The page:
Click the link List of galaxies on the left hand side.
                                                   An Excel spreadsheet opens containing the names and
                                                   coordinates of thousands of galaxies in the RC3 Catalogue.
                                              b. Select and copy the galaxy data
Galaxy coordinates from RC3 Catalogue
                                                    As shown, the cells containing data should already be
                                                    selected. (If they aren't select them now – not the whole of
                                                    the three columns, just the data.)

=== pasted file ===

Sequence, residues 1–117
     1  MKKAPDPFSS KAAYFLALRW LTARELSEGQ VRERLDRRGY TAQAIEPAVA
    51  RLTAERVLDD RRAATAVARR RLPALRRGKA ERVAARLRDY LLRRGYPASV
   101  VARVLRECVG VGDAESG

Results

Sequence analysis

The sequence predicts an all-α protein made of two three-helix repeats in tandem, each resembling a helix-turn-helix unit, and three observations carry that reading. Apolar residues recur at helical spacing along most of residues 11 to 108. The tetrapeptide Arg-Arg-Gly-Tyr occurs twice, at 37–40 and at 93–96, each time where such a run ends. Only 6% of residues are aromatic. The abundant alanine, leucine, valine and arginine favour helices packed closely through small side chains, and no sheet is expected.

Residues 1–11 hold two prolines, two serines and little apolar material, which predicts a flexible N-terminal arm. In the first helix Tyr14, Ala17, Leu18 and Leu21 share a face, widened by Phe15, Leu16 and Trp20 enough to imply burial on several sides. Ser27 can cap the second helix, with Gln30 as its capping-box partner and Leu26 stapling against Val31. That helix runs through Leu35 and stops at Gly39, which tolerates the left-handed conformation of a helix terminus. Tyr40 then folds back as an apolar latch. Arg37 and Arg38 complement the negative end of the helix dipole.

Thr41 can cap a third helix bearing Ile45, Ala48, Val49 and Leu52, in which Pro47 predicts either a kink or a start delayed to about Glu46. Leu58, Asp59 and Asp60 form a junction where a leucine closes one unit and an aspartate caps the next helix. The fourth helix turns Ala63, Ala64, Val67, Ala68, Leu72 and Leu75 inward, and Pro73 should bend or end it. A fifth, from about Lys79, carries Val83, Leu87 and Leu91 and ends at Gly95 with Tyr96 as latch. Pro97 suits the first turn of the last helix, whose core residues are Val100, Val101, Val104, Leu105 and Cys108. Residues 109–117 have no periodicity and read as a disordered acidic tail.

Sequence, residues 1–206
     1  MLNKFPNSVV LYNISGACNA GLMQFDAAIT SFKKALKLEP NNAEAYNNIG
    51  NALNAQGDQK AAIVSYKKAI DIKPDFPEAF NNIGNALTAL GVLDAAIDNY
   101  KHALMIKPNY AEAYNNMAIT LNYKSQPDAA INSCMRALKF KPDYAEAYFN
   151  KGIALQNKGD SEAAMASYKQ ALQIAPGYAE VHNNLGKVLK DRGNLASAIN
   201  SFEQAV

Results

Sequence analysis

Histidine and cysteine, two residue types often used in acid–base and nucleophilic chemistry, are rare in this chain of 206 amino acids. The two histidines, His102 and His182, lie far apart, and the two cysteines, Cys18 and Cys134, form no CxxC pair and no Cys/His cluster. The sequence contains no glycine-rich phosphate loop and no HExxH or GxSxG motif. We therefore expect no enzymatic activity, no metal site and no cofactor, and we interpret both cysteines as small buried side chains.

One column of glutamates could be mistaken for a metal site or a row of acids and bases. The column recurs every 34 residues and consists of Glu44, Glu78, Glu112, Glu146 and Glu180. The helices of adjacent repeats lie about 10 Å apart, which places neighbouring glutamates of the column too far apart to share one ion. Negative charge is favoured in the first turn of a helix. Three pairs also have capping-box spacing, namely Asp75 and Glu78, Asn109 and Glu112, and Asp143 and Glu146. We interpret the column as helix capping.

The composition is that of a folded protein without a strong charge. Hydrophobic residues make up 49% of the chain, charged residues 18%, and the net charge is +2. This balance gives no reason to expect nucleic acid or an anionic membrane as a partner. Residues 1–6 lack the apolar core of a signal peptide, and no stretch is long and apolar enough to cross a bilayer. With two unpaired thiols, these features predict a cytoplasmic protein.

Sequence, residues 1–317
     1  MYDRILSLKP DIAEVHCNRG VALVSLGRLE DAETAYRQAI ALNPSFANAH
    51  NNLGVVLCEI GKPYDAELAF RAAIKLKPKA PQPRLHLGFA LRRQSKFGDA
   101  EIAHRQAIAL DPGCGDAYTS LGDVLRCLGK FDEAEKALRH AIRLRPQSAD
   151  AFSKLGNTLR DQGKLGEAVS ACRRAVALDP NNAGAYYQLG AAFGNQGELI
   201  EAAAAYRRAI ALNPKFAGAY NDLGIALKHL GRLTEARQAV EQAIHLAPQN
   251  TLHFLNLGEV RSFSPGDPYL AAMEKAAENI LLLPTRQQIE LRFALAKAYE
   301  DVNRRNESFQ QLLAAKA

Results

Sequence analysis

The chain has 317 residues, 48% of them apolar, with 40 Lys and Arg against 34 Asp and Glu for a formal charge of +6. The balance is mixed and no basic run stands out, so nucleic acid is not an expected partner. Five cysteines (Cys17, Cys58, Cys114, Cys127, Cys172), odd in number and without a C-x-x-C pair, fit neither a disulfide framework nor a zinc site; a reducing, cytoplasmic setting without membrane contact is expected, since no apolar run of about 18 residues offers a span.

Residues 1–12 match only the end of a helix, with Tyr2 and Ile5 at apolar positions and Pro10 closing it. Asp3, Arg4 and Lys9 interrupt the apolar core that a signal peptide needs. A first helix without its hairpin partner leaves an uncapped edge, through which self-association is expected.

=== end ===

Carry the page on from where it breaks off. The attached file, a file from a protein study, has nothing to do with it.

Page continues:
   Type Ctrl-C [Cmd-C] to copy the data.
                                              c.    Open the SDSS Image List Tool
                                                    Click the link to the Image List Tool on the left hand side.
                                                    This will open your web browser (e.g. Internet Explorer,
                                                    Firefox, Safari) and go to the SDSS Image List Tool.
  Where to paste the galaxy data in the       d. Paste the galaxy data into the Image List Tool
        SDSS Image List Tool
                                                    Click anywhere in the area shown by the red circle above
                                                    left, then type: